Publication: Monitor Volume: 4 Issue: 103

The government is to try again to raise money by selling Rosneft, the last major Russian oil company still in state ownership. Its first attempt to sell the company fell through when, on May 26, potential buyers refused to bid on the grounds that the government had set too high a price. Yesterday, Prime Minister Kirienko said he would announce the terms of a new tender by June 1. The stake in the company–75 percent of the shares plus one–will remain the same, as will the terms of the sale, but the starting price will be lowered to take account of falling world oil prices, Kirienko said. First Deputy Minister of State Property Aleksandr Braverman said the size of the initial deposit might also be lowered. Bids will be invited by June 16 or 17, Braverman added. The new price is expected to be closer to the US$1.6 billion-$1.7 billion originally recommended by Kleinwort Benson when it priced the firm for the government earlier this year (before the steep fall in world oil prices). Keen to get as much money as it could, the government subsequently hiked the price to $2.1 billion. (Russian agencies, May 27 and 28)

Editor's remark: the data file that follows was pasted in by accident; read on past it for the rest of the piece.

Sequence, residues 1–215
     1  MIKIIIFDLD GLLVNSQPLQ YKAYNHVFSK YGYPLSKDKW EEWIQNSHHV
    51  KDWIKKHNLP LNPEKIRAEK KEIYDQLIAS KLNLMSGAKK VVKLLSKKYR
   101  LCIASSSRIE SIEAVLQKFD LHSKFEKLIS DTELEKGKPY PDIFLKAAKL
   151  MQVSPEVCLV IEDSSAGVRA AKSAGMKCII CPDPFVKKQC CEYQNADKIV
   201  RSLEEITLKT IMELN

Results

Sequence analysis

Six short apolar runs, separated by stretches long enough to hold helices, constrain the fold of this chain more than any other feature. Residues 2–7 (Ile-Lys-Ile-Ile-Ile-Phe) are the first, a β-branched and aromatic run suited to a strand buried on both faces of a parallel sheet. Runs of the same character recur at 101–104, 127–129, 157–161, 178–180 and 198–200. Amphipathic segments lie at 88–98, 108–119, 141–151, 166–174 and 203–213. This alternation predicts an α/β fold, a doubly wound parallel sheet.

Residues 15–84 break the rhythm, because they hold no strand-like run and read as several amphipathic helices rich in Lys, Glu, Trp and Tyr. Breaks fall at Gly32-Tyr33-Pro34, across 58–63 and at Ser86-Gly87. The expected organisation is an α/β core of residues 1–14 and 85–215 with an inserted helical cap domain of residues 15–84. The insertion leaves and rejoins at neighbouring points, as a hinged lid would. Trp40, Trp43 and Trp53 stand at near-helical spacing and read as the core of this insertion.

Two of the three consortiums originally set up to bid for Rosneft have already issued statements that they remain interested and will put in a bid if the price is right. One is the Gazprom, LUKoil and Royal Dutch/Shell consortium; the other is that set up by Oneksimbank and British Petroleum. LUKoil’s Alekperov and Oneksimbank’s Potanin, who signed a strategic partnership agreement earlier in the week, said it did not affect their interest in Rosneft for which, they said, they would be bidding separately. (Izvestia, May 28) Also expressing interest yesterday was Russia’s Sibneft oil company, which said it planned to bid for Rosneft “together with a foreign partner.” There was speculation that the partner was France’s Elf Aquitaine. (Russian agencies, May 28)